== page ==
Didi singled out after taxi crackdown

A driver from the taxi hailing firm as well as Didi itself are under investigation by the transportation commission's law enforcement department.

Ride-hailing taxi operations involving non-local vehicles or drivers account for most of the 7,972 cases that the Shanghai transportation commission’s law enforcement department has clamped down on since the city issued new rules governing the popular online ride-hailing service last December.

A transportation department spokesman said that from January to October this year, 3,600 drivers had their driving licenses seized.

The taxi hailing company Didi Chuxing has been singled out for a case by the department.

On November 18, one of Didi’s drivers refused to take passengers and assaulted them, leaving one person with a fractured finger, according to media reports.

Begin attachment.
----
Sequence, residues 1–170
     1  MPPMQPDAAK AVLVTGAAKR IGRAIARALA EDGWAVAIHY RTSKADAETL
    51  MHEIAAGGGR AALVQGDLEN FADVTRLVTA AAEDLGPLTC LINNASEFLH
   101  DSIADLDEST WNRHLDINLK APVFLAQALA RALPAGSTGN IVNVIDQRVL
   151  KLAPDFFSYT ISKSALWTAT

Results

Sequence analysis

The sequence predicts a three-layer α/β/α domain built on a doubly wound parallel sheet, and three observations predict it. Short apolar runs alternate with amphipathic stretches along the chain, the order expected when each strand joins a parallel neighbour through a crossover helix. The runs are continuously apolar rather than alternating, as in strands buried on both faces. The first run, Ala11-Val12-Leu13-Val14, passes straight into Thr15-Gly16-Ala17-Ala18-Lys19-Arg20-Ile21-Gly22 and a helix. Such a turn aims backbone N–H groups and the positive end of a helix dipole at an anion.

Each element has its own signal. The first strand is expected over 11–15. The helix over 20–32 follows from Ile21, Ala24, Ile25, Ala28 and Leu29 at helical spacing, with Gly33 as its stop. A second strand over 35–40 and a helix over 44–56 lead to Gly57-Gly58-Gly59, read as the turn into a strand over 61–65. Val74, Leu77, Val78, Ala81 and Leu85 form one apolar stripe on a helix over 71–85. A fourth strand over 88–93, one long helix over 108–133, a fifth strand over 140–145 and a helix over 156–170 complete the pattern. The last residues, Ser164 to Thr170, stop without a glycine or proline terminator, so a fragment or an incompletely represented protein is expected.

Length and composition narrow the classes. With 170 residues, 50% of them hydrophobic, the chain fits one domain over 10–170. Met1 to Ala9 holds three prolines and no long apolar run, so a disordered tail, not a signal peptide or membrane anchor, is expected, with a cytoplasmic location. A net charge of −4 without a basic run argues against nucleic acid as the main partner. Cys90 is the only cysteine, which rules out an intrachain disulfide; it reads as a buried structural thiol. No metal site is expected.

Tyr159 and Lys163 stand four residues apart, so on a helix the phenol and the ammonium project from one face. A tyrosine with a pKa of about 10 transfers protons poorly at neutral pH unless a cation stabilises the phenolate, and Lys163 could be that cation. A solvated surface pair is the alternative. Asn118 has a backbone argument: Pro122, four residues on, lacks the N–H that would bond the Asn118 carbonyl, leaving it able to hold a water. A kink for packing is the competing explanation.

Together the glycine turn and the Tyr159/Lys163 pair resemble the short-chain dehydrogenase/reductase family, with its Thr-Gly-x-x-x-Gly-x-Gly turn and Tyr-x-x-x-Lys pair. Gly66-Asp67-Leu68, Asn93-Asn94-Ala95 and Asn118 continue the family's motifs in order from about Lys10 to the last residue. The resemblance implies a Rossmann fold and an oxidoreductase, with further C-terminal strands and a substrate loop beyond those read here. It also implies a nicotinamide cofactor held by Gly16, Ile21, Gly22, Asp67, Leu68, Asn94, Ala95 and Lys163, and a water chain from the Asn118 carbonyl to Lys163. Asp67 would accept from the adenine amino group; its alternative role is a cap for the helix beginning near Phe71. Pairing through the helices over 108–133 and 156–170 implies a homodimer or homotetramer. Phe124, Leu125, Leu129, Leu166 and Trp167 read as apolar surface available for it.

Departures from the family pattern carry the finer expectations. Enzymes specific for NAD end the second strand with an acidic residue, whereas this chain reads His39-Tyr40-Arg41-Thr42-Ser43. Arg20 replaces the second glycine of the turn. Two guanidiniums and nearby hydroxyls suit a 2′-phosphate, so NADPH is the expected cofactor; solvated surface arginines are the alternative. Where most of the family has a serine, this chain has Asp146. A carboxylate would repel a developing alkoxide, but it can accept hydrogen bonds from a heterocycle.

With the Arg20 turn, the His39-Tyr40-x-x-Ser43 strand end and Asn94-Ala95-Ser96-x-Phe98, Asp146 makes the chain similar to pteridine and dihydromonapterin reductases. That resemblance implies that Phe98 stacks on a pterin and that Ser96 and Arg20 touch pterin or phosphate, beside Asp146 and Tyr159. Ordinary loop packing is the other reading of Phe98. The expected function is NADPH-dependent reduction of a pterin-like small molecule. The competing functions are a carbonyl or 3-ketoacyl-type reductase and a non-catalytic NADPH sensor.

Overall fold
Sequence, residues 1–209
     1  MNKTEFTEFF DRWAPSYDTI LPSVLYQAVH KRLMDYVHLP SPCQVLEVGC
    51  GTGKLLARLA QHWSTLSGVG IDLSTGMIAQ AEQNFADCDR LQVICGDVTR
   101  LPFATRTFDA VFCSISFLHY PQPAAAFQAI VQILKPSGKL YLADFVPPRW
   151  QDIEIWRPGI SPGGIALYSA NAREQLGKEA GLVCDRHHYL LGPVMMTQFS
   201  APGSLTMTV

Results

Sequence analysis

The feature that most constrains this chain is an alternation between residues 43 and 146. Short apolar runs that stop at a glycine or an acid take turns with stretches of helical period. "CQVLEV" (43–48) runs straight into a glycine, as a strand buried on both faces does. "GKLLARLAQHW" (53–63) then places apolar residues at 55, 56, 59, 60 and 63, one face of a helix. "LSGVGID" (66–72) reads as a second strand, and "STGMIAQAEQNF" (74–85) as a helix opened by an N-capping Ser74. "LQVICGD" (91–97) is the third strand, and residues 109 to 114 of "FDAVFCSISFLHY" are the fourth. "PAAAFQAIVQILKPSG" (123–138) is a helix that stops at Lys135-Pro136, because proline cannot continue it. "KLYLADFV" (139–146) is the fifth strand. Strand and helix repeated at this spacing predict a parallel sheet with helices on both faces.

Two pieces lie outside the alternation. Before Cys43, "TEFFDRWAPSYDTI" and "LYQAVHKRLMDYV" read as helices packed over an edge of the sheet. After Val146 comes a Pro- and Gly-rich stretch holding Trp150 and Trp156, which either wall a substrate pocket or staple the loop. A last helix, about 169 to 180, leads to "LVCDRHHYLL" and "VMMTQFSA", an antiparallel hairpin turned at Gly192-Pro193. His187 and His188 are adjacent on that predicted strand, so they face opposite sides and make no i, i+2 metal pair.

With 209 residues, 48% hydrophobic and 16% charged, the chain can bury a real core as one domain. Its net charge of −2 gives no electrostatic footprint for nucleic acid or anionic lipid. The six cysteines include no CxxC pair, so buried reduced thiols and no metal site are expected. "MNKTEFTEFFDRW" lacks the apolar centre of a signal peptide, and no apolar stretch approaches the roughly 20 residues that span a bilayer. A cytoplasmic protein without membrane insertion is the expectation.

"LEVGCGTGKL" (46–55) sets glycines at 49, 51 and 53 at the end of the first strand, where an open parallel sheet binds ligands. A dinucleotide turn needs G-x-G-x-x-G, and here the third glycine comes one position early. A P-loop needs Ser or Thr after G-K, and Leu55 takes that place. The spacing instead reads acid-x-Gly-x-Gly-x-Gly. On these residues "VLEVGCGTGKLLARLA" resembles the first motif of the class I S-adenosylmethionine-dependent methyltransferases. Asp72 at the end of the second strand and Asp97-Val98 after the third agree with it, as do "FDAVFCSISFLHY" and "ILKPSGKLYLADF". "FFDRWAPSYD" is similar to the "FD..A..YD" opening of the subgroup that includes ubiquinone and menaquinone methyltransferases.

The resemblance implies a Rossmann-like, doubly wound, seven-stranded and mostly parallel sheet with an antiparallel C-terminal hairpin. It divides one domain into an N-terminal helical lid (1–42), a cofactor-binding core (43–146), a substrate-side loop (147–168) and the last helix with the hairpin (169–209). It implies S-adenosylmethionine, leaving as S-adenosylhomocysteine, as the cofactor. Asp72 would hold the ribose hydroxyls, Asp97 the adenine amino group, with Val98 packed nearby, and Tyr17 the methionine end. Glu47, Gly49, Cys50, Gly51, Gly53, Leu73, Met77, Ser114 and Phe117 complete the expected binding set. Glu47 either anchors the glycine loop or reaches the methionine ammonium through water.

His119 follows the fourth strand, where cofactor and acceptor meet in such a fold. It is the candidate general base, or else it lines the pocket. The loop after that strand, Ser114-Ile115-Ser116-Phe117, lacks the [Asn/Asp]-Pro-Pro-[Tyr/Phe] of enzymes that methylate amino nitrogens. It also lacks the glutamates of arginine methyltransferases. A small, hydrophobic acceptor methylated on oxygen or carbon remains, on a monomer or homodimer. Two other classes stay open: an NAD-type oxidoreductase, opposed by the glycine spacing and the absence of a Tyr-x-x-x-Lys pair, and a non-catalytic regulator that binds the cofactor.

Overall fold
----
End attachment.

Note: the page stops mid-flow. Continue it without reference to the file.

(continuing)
The law enforcement department spokesman told Shanghai Daily that both the driver and Didi Chuxing are now under investigation for the case.

“We will look into whether the driver was qualified to drive ride-hailing vehicles or not,” said the spokesman.

Under the city’s new rules, online ride-hailing taxi service operators have to use cars registered in the city with Shanghai license plates while the drivers must have local household registration.

Didi Chuxing, according to the department, has so far been fined on three occasions for providing unqualified vehicles or drivers for its ride-hailing services.

“Didi was fined 100,000 yuan (US$15,165) each time in January, August and this month,” said the spokesman. 

A Didi driver, who identified himself as Chen, said that although the policy prohibited non-locals "Didi actually allows non-locals to drive as long as the plate is registered in Shanghai.”

Chen, who hails from Anhui Province, added that "if you got caught, the authority fines you 1,000 yuan for the first time, then 3,000 if you are caught again; Didi would pay for this.”

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